Like you, I get worried. Who doesn't these days?
Chronic unemployment. Rising health care costs. Failing schools. Growing debt. Looming climate change. The influence of money in politics. The trivialization of the media. And so on, and so on.
Yet recently I have become aware that these worries, though perfectly valid, are nothing when seen in light of our greatest worry of all.
Draw back a little from the usual litany of complaints, and it becomes obvious, upon even a moment's reflection, that we are living in an era of extraordinary material wealth, made possible by one simple factor: the burning of fossil fuels.
And that is about to change.
It began just about 200 years ago. We began to burn coal and draw from oil and gas fields, lying under the surface of the land and sea. Due to the earth's movements over literally hundreds of millions of years, living creatures were compressed into a form of stored energy. How fortuitous for us! We now use fossil fuels to pave our roads, build our toys, wash our teeth and hair, fuel our transportation, generate most of our electricity, heat our houses, refrigerate our food, and ship our products worldwide, among thousands of other uses. It is the lubricant, if you will, for our consumer-driven modern life. Without it, we go back to how we lived for most of human history: namely, close to the ground, with our hands in the dirt...
What is important to keep in mind here is that we humans are only marginally better than any other animals on the face of the earth at consuming energy. We have learned to use tools to assist us, yes. But without the additional power provided by fossil fuels our tools provide only limited benefits. Humanity's default condition is one of scraping by, searching for sustenance -- in short, bare-boned survival.
We need shelter. We need to eat. If you take away the boost given to us by fossil fuels, this is a full-time, dangerous, exhausting, daily operation for humans, just as it is for every other living thing on the planet.
Well, folks, it's not debatable. Fossil fuels are going to run out by the end of this century. Look it up. To get you started, here's a report from an oil company, that's right, an oil company (TOTAL). Here's some more data in the form of a pdf. Go to the Oil Drum for up to date information.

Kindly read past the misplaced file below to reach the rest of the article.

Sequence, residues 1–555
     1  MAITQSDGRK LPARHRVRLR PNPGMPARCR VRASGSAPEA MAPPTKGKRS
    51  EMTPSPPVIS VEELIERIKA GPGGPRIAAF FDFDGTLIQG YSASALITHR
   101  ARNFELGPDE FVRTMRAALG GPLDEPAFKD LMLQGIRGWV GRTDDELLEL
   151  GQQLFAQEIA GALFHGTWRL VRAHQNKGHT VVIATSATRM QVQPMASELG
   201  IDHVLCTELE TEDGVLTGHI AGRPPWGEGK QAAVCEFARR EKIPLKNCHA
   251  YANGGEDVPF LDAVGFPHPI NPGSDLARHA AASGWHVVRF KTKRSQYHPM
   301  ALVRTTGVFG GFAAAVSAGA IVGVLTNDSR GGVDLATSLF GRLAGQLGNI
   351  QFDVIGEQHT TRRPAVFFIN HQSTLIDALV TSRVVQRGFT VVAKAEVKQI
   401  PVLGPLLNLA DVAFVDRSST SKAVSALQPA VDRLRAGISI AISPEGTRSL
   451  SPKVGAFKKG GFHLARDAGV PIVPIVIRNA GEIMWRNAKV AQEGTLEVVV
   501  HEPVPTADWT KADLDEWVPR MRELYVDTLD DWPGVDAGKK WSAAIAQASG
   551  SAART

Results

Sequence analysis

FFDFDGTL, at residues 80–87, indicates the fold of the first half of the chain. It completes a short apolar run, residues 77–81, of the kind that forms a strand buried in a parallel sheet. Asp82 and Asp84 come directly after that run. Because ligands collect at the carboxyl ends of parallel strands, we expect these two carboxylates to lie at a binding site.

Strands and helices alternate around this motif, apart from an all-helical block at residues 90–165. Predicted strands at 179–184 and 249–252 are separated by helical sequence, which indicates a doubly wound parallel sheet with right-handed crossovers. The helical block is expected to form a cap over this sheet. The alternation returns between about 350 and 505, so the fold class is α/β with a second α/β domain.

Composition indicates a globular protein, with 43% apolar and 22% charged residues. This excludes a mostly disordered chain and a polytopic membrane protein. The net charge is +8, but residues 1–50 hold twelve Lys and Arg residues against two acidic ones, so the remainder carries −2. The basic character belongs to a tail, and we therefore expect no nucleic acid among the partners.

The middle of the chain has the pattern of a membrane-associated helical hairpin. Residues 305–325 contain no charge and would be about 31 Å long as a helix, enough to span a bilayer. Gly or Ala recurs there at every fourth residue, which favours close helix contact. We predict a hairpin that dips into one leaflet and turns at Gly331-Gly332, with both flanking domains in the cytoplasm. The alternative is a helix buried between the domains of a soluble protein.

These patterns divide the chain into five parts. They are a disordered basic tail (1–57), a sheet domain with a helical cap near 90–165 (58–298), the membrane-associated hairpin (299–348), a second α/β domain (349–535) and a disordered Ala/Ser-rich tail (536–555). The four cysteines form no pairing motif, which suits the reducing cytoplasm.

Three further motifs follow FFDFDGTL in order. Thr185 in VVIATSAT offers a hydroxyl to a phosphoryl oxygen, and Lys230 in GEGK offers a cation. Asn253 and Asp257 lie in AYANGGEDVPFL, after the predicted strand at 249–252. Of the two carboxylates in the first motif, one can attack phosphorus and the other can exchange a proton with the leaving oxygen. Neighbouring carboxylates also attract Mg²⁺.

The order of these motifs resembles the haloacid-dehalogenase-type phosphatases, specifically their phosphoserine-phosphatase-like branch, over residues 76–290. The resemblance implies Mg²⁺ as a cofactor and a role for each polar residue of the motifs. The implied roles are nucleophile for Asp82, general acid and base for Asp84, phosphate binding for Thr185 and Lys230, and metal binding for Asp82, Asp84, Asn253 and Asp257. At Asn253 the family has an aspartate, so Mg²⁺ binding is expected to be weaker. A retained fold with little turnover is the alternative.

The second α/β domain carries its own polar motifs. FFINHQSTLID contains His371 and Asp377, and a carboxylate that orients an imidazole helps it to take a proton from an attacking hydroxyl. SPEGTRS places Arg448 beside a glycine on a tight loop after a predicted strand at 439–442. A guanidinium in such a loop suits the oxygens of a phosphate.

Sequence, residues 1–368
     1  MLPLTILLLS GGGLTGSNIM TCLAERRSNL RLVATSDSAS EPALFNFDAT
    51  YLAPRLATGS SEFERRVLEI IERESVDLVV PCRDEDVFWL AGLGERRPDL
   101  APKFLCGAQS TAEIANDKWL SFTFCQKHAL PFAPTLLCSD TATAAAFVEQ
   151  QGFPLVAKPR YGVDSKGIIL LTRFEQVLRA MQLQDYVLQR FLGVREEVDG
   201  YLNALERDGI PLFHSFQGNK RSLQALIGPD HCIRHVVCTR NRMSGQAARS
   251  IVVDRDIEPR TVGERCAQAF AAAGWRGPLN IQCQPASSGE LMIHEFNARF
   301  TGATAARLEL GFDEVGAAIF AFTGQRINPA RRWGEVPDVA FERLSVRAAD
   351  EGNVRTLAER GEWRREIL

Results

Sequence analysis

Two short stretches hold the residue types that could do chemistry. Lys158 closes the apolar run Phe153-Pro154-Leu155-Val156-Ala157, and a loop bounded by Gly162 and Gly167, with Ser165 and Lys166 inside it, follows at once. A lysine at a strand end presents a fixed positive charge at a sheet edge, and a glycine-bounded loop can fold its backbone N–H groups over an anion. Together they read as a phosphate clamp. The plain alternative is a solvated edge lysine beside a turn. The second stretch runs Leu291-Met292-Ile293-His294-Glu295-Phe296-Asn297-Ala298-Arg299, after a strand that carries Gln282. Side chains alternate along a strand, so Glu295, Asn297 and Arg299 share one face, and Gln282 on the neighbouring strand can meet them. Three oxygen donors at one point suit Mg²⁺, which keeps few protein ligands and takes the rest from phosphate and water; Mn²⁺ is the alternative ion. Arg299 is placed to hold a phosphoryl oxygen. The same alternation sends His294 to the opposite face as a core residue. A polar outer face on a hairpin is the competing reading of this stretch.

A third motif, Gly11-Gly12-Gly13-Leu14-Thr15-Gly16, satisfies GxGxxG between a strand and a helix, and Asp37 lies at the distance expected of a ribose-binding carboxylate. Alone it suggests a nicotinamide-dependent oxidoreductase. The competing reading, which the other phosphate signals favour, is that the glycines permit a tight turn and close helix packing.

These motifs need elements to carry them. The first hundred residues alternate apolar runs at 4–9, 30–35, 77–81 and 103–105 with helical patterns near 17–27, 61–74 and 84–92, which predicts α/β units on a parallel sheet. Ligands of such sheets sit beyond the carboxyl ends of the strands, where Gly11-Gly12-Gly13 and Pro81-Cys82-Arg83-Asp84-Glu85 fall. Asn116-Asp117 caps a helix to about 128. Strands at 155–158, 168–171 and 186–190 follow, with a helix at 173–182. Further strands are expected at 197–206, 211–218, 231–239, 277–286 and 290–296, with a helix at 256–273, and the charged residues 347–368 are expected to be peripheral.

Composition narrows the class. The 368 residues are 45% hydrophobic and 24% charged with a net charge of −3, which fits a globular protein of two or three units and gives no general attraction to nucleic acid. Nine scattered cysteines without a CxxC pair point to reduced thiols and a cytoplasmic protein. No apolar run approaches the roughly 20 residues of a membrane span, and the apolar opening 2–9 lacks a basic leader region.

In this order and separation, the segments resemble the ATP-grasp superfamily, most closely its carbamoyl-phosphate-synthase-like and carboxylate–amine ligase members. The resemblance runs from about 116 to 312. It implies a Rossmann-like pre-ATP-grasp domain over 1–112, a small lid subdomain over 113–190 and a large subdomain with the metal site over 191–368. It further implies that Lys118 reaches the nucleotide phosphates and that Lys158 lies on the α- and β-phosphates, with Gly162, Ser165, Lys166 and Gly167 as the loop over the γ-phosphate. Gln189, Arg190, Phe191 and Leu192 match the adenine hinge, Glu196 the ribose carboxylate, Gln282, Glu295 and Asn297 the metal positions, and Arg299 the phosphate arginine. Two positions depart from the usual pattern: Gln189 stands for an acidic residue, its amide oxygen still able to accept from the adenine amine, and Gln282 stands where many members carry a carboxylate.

The world is expected to hit the point from which our reserves of oil will henceforth grow smaller and smaller every day, called Peak Oil, in 2020. Others, more skeptical, suggest it could happen as early as next year.
Some will say: Yes, but we will invent new technologies! Hydrogen cars, etc. Doesn't this seem unlikely to you? The source of ALL energy on the planet is ultimately the sun. The heat and light from the sun is limited; after all, that's why we are able to inhabit this planet. Does is seem likely that we can somehow access, generate, concentrate, and otherwise make use of the sun's energy, unaided by geologic time? These fields of fossil fuels were created over millennia! They were a cheat, ladies and gentlemen. A boondoggle. And we have lived well on this find, for some two centuries. But it is coming to an end.
What will society look like when are children are grandparents? Some think we can sustain a growth economy, an urban culture, a semblance of democratic, rule-abiding, late 20th century capitalism, indefinitely. Solar panels, wind turbines, hydroelectric, nuclear, new technologies -- all this, it is suggested, will help humanity to lurch along. Of course there may be increasing pollution, radiation poisoning, carbon dioxide, climate change. But it will be recognizable.
I am inclined to think otherwise.
People do not like to give up that to which they think they already have (this psychological phenomenon is real and even has a name: "the Endowment Effect"). People now living will resist mightily the changes -- the freefall -- that takes place in their way of life. Laws will be trampled. The obligations and duties of citizenship will be forgotten. A cascade of events may lead to an almost unrecognizable world. My only hope is that our children, lacking the same sense of endowment, will adapt to a more minimalist, local existence more quickly than we do.
What can we do now? Prepare our children. Learn and teach them basic skills: how to build a wagon, how to light a fire, how to plant a potato, how to tell a story, how to ride a horse. Learn and teach our children languages to make us all more adaptable and mobile. Most of all, with a strong sense of irony, we can enrich our minds and our children's minds with the greatest gifts of our age: the ideas and discoveries and research results born of a society based on fossil fuels, never to be witnessed again.